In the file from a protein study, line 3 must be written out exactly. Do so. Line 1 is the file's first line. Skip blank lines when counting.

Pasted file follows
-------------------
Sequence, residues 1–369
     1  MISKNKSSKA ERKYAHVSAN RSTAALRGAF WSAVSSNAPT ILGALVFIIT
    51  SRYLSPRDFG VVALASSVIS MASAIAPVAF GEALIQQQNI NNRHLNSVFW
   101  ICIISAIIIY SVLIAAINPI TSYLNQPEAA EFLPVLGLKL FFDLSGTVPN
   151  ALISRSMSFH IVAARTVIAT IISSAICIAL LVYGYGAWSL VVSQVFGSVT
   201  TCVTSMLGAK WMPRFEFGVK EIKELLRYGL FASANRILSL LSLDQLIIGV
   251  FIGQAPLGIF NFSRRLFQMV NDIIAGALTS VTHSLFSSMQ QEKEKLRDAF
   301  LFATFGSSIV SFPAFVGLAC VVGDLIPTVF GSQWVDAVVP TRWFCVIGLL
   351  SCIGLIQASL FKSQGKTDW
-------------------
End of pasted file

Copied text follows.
    51  SRYLSPRDFG VVALASSVIS MASAIAPVAF GEALIQQQNI NNRHLNSVFW